Saturday, January 10, 2009

A Film School Moment

I was randomly trolling around the web, and came across a list of the biggest "Oscar snubs"; a subject 'pon which I have some very strong opinions (Paul Giamatti anyone?).

Anyway, one of the snubs listed, was Rosalind Russell for "His Girl Friday"; which if you haven't seen it, shame on you. Go, now, rent it, buy it, it's even downloadable or streamable from several services.

I believe I've mentioned my affection for the film before, as well as for Russell (when I discussed strong leading ladies; or the lack thereof in todays films); the chief reason being the amazing, fast, frenetic dialogue and interplay between her, and co-star Cary Grant.

The film has been cited by experts as having the most dialogue packed into the shortest time, of any major motion picture release; though to be fair, such rapid fire delivery was a Howard Hawks (the director) trademark (see "Bringing Up Baby" for a considerably less frenetic example).

For those who are unfamiliar with the film, Russel plays Hildy, a reporter who some years back (I don't recall exactly how many, I think it was two years) was married to, and subsequently divorced her editor Walter (Cary Grant); and then dropped off the face of the earth.

As the film opens, Hildy walks back into the newsroom she left some years before, and announces (or rather attempts to for several minutes of classic verbal interplay) to Walter that she is going to be remarried, to a rather boring insurance sales executive (named Bruce) played by Ralph Bellamy.

From there, as they say, hilarity ensues (and it is one of the funniest films of all time).

As I was reading the "oscar snub" post, it noted (as any mention of the movie does) the high speed interplay; and I of course went back to some of those moments in my head....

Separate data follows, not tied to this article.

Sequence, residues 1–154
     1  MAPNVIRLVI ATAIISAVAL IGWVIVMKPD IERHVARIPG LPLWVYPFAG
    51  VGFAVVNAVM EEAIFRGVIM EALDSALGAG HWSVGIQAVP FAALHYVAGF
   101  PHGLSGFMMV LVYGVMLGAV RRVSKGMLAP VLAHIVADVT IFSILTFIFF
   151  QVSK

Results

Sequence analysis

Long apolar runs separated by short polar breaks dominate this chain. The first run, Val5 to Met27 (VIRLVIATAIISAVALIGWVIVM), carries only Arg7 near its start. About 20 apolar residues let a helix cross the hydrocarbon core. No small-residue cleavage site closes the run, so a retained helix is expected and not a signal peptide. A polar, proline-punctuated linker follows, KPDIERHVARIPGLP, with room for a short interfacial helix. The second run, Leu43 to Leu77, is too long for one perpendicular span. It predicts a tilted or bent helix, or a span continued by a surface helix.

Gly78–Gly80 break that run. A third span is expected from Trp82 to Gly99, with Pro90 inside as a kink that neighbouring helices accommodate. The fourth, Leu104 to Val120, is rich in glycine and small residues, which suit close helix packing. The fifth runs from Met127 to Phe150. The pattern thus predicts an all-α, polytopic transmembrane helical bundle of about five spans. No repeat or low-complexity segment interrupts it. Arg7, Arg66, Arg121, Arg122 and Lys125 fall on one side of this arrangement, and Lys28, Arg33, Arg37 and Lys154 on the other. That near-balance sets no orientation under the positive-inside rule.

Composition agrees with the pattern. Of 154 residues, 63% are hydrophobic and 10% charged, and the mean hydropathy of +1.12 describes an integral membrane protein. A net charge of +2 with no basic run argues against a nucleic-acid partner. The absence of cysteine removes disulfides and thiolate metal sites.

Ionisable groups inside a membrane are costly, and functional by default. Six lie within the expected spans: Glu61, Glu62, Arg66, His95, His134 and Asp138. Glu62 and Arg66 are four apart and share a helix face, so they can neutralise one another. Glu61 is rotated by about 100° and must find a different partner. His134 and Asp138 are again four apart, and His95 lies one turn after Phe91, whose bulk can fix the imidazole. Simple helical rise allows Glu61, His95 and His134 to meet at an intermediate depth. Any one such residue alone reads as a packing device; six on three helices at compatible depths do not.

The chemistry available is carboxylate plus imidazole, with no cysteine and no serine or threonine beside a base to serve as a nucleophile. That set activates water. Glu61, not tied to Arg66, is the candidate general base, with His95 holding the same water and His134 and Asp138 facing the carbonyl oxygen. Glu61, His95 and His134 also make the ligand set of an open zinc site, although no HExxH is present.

... and I had a thought...

I'm sure it's a thought that film students and film geeks have had a million times before, but I never really noticed it or thought about it before.

Hildy (Russel) and Walter (Grant), and all the reporters in the piece (and there are a dozen of them) all deliver their lines at that same lightning pace. All the cops in the film have a different, slightly slower cadence. All the politicians are slightly slower again (until they start literally "talking fast" to try and get out of trouble).

The slowest pacing of all however, is the delivery from Ralph Bellamy; so much so that it is clearly and distinctly noticeable; to the point where in his scenes with Grant, Walter is speaking five or six words to Bruces one.

Interestingly, when Hildy is speaking to Bruce, her pace slows down considerably; but it is still perhaps twice that of Bruce.

By the end of the film it is of course abundantly clear that Hildy and Bruce are so totally wrong for each other; and that, though clearly they will never have a "normal" relationship, Hildy and Walter are very much right for each other (and I wont go into any more detail to spoil the film for those unlucky souls who haven't seen it).

Now I've seen the movie a dozen times; and of course I had noted the pacing before; but the reason why I called this a "film school moment" was because up until ten minutes ago, I had never consciously thought "Hey, I bet Hawks contrasted Walter and Hildys pacing with Bruces, as a deliberate part of the characterization".

Such are the things that keep the rent paid at coffeehouses near film schools.